Here is a handful of easy to use smokers that could suit either the beginner or someone who just wants simplicity and great smoke flavor.
I’ve always been curious about the meat smoker technology changes and how it is evolving; there are nearly a dozen different smoker types on the market that you can buy.
I get asked a lot what the easiest to operate is, so here is
What are the Easiest Smokers to Use? Pellet grill smokers, electric, gas, gravity fed and portable smokers offer the easiest process of smoking food. Direct temperature control on these smokers makes the process simple. Most of these smokers can also replenish wood externally.
There are a range of factors when it comes to how easy a smoker is to use. You may have a different criteria, I have attempted to list the most logical to make comparing smoker types easy for you.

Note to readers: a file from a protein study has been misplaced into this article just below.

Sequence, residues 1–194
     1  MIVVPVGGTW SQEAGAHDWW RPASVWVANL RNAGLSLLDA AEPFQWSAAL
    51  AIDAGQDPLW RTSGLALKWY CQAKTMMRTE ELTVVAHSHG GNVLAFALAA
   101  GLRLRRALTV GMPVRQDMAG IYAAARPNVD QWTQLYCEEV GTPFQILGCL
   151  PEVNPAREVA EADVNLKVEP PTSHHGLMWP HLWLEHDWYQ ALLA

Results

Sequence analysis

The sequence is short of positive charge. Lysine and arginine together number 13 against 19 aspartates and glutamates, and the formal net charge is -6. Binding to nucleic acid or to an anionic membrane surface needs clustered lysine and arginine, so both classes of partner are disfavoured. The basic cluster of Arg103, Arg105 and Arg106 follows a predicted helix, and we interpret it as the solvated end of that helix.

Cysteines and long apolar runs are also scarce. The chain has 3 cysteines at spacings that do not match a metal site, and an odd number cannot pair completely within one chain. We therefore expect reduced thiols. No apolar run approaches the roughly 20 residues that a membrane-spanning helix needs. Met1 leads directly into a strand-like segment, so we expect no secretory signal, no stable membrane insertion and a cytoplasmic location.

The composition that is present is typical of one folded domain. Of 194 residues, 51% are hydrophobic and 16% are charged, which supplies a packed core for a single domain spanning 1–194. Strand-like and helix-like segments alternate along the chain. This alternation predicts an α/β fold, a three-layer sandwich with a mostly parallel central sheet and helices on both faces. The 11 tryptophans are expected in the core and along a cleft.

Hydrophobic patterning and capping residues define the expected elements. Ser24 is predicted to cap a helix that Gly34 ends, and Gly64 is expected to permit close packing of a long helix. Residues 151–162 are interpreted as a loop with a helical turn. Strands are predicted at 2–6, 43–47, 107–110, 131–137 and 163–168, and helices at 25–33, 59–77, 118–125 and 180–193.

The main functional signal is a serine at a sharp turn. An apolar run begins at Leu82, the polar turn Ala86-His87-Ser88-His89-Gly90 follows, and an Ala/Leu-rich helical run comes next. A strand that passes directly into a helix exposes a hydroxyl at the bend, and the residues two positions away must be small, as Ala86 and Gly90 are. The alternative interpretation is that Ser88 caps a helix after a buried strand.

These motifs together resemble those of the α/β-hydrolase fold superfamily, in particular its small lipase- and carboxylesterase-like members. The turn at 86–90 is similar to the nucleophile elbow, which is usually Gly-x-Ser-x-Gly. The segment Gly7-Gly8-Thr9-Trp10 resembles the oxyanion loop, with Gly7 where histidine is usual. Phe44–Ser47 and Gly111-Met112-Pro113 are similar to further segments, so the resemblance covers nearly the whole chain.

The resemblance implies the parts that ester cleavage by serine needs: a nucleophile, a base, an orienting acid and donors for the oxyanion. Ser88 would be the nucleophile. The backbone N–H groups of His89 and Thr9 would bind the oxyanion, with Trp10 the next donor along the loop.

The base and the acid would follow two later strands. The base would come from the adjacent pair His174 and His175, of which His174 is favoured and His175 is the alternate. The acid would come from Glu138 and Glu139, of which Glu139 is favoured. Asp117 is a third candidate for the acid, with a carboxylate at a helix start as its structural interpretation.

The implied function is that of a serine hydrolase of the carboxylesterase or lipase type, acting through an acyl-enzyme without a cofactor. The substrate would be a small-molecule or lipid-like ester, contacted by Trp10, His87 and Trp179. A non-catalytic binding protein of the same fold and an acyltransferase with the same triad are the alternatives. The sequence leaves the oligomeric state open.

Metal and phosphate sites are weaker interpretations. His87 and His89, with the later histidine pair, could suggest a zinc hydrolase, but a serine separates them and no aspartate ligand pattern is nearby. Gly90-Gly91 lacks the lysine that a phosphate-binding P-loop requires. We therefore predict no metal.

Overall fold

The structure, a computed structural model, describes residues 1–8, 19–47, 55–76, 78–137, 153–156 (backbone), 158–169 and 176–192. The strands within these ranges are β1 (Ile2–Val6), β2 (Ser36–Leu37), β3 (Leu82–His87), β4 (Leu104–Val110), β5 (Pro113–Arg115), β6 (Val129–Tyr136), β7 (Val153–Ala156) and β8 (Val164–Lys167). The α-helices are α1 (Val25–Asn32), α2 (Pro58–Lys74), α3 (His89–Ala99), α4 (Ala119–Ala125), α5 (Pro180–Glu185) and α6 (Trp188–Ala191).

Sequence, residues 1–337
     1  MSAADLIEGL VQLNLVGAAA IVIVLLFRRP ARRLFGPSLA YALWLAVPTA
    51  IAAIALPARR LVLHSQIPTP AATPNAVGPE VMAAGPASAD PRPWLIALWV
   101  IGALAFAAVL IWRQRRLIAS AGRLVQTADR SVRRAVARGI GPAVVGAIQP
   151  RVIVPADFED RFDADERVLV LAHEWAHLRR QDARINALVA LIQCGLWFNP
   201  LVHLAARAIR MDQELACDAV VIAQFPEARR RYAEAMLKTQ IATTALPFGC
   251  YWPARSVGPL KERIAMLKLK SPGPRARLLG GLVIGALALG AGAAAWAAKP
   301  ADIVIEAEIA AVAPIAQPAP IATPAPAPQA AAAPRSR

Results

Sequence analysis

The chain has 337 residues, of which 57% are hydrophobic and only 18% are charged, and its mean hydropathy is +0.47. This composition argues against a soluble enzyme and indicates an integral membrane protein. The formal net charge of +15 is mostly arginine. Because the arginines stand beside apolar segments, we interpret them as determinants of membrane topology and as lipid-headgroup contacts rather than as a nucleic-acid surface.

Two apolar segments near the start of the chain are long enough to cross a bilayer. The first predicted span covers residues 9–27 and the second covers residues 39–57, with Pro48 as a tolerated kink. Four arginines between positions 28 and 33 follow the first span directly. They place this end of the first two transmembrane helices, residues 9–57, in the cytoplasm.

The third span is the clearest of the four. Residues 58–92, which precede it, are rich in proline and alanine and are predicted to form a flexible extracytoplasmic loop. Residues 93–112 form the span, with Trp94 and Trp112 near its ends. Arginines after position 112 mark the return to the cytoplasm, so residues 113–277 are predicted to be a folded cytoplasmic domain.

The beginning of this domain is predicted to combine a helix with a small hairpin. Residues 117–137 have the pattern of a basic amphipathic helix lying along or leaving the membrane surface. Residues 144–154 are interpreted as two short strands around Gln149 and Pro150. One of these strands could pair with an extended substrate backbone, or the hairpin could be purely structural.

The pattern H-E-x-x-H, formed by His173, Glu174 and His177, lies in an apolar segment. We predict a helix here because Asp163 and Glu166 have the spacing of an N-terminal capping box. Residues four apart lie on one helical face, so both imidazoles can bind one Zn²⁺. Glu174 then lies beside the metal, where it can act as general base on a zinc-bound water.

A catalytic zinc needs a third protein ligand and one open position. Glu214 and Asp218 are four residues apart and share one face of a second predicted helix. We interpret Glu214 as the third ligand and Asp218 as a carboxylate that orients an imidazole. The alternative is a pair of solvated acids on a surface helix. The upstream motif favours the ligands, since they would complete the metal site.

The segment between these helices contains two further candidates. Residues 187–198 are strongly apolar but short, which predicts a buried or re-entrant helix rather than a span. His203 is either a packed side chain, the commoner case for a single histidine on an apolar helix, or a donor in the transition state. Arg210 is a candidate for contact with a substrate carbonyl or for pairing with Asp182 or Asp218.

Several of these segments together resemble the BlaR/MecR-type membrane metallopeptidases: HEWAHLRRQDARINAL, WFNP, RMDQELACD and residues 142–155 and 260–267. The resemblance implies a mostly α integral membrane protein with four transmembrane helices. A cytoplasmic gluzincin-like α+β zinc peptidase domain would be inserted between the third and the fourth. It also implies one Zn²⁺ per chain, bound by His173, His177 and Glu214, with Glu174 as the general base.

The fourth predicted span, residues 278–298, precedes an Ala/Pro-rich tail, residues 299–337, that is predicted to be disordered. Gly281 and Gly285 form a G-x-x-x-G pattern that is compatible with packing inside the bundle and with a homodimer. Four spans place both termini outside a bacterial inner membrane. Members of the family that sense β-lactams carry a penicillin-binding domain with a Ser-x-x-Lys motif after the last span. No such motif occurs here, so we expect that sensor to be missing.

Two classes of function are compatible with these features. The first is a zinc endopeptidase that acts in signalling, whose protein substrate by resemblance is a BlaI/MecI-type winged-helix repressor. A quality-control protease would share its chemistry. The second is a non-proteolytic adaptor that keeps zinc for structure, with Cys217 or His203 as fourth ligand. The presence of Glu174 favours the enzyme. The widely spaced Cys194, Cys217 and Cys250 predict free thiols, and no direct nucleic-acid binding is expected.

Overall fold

There are now a variety of designs available, however I have chosen the 4 easiest to use. Below I have then briefly mentioned why the remaining smoker types are more labor intensive. The focus here is on set & forget smokers.
5 easiest Smokers to use that I will cover in detail, these all generally have easy access external wood fuel top up features:
- Pellet grill smoker
- Electric smoker
- Gas smoker
- Gravity fed smoker
- Portable Smoker
Also, below you fill find a breakdown on portable smoker style. You will find these can be really easy to use. They are more designed for short intense hot smoking. You will find the best use for these when you are camping or fishing.
Tasty Fish fillets is simple with a portable smoker.
Reasons these are the 5 Easiest Smokers To Use
Each smoker is set against the same criteria, hope that helps.
Of course, the brand will mean features vary.
From what I consider the easiest to more involved.
Pellet Grill Smoker
|Easy to Use / Set & Forget||10/10|
|Smoker Fuel Type||Electricity|
|Size of Smoker||Moderate|
|Weight of Smoker||Moderate|
|Ease of Cleaning ||Moderate|
|Types of Wood||Pellet only|